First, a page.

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A HELPING HAND

INSIDE & OUT : Circulating Air From Baseboard Can Lead to Carpet Stains

August 13, 1994|JOHN MORELL | SPECIAL TO THE TIMES

Q. We had beige carpet installed in our house three years ago, and since then we've noticed that the carpet has some black streaks in various spots where it meets the wall. A friend said that this was because of gaps in the construction where the wall meets the floor. Is that true, and what can prevent it?

B.F., Westminster

A. This is a common phenomenon, says Mark Silverberg of New York Carpets in Anaheim. It can be caused by air circulating in and out of the house through small cracks at the base of the walls. When it's warm outside and cool inside, the heavier cool air pushes out through the cracks. At night, when the situation is reversed, cool air outside comes in. Because the carpet is butted up against the wall, it acts as a filter for this moving air.

With patience and a good spot cleaner, you can pull up some of these stains. Before you have carpet installed again, seal up any openings by applying a spray insulation where the walls meet the floor.

Staining can also be caused when your carpet has become soaked during cleaning. If the water reaches the tack strip along the wall, it can cause rust stains in this area. To prevent this, you'll need to take care not to get the tack strip area too wet.

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Q. We have some pine captain's chairs that are in need of refinishing, and while I'd like to do the refinishing myself, I'm not crazy about the messy job of stripping. Is dip stripping a good option for those who don't want to hand strip?

T.I., Santa Ana

A. While dipping may give you the basic job of stripping away your old finish, hand stripping is still preferred, says Bob Espeland of Espeland Furniture and Antique Repair in Orange. Dipping often involves using water on the wood and letting it dry out, which can warp it. Water can also raise the grain and damage the furniture.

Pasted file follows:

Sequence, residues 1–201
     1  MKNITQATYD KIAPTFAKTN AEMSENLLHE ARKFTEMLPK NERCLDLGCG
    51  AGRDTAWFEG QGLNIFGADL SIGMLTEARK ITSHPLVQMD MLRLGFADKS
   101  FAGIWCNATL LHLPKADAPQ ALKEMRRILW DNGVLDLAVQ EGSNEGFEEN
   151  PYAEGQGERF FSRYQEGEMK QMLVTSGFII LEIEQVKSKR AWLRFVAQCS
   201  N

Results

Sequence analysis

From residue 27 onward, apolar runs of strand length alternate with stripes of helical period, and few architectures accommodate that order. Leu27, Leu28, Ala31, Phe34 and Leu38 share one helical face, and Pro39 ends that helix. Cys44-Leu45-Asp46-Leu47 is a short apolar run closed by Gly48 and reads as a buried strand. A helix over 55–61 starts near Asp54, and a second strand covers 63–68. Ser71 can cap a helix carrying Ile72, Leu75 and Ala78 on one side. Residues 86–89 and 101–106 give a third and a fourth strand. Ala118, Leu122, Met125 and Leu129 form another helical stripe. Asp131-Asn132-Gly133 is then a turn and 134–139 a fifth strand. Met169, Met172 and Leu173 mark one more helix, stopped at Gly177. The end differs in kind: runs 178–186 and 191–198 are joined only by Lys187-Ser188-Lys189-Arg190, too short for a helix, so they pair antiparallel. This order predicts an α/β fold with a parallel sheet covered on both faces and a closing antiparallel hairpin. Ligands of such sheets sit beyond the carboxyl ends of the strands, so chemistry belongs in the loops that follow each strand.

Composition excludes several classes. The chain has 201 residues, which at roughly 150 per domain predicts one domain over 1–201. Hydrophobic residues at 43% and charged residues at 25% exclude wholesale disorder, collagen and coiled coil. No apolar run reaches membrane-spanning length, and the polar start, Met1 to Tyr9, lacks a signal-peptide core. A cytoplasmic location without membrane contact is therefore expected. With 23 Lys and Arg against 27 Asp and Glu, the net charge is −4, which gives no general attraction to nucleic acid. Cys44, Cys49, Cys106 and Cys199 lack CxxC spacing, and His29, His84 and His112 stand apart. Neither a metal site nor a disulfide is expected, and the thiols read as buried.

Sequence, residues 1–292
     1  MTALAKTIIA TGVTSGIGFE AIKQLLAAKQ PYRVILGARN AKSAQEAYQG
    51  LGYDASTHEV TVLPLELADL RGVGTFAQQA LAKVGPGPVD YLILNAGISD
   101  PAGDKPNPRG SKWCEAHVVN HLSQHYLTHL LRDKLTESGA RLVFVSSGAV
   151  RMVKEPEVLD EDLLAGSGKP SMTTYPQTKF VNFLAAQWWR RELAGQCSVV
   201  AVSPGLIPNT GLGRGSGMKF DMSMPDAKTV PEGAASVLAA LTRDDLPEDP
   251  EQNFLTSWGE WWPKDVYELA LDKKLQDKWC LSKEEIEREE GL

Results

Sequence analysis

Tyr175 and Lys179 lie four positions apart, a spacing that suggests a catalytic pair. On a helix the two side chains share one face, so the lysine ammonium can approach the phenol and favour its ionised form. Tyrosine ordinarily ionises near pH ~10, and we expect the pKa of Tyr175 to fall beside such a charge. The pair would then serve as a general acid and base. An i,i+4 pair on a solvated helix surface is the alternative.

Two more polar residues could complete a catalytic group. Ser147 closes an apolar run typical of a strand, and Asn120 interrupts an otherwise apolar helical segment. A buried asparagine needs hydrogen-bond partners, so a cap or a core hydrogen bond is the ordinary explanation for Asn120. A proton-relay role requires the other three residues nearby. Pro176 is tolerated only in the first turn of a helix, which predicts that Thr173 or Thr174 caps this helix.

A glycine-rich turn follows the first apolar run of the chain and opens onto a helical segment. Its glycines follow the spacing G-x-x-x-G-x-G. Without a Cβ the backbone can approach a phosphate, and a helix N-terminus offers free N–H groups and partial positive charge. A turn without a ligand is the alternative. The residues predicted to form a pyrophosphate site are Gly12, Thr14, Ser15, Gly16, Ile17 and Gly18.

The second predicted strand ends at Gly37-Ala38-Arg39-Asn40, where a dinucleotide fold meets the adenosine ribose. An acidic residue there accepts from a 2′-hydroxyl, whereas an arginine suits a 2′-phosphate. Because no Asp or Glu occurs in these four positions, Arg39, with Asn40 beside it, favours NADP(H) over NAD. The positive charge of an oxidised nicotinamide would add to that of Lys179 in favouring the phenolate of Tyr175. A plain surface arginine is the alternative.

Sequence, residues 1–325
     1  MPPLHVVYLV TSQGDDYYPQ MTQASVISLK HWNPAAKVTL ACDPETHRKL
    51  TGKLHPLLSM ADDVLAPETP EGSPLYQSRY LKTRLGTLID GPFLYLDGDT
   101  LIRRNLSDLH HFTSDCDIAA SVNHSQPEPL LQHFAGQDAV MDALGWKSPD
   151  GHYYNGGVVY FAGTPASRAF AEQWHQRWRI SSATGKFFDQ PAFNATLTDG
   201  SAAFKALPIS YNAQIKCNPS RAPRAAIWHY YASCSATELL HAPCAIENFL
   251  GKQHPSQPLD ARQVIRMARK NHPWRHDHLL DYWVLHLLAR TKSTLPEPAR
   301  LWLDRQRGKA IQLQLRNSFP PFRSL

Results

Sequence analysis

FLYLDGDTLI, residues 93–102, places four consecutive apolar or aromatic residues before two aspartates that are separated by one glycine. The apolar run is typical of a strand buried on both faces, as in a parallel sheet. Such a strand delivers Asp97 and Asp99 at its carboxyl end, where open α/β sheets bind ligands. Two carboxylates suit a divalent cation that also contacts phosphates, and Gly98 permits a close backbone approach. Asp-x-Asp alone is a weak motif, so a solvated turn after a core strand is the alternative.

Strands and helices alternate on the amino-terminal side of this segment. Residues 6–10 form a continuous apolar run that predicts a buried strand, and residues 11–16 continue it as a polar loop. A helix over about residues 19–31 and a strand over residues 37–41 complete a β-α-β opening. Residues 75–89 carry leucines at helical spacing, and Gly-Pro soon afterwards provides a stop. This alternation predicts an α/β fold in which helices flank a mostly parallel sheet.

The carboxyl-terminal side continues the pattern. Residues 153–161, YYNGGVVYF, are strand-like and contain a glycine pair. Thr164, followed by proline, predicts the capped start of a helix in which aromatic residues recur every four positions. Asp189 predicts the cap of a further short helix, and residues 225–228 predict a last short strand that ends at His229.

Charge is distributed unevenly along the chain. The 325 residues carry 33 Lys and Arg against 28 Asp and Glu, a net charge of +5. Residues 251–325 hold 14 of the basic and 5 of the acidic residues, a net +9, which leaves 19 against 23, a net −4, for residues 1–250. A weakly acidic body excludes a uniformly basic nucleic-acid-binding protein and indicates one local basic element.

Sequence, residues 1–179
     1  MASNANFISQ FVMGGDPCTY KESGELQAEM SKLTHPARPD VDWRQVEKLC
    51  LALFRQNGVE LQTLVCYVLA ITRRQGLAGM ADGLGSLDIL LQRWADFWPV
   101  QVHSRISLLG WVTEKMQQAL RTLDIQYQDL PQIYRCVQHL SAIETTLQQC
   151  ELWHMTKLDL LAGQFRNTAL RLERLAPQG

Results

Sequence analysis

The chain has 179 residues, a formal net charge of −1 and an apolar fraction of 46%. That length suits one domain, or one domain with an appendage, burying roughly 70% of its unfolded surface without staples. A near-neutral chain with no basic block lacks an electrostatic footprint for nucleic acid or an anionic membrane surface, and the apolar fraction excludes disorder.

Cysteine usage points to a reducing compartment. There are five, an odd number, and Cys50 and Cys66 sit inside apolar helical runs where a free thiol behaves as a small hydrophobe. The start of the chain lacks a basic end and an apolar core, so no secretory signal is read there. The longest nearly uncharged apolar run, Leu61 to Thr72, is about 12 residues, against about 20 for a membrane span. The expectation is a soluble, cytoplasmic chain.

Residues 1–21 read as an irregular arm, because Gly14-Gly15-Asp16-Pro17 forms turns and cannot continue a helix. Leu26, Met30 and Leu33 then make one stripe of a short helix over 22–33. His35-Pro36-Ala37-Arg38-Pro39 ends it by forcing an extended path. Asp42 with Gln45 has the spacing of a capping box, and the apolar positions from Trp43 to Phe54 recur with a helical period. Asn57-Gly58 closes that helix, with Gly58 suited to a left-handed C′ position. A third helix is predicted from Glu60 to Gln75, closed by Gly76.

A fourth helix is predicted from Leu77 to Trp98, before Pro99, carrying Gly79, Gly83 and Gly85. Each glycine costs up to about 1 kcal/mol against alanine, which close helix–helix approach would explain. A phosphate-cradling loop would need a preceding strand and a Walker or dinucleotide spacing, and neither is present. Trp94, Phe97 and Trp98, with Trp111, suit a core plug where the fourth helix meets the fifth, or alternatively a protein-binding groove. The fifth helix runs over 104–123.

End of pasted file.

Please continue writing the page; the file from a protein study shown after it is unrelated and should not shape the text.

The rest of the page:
When stripping on your own, you can use a water-based stripping formula, but use an acetone-type solvent to rinse it down, because that dries immediately and doesn't soak into the wood. First apply the stripping formula with a rag and let the old finish bubble up, then scrape it off. Using a paint brush, apply the acetone rinse to clean the chairs, then lightly sand to prepare them for finishing.

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Q. Our two bathrooms have faux marble vanity tops that are ugly and outdated. I'd like to order new ones the same size in a better color, but I want to know how they're attached to the cabinets.

L.G., Dana Point

A. They're usually attached with a simple silicone adhesive, says Steve Johnson of Familian Pipe & Supply in Costa Mesa. Using a razor knife, try to get underneath and cut away the adhesive along the top as well as the splash shields. Remove the plumbing and the top should just pull off once the adhesive is cut away. When putting in your new top, be sure to sand away any leftover adhesive from the cabinet.

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Q. I repainted the molding in my house with a semi-gloss enamel, and after it was done I found many brush bristles in the finish. Is this a sign my brush has had it? How do I get them out without redoing the job?

W.H., La Palma

A. Actually, loose bristles are often seen with new brushes, says Joe Ragsdale of Color Center Paint in La Mirada.

There are often bristles that aren't held very well in the epoxy, and they're pulled out during painting. Many brush manufacturers recommend that you pre-wash your brush to get rid of any loose bristles.

The best way to get rid of loose bristles in paint is to pull them off as soon as they come off on the surface you've painted.

Otherwise, you'll need to lightly sand the area until they come off and repaint.

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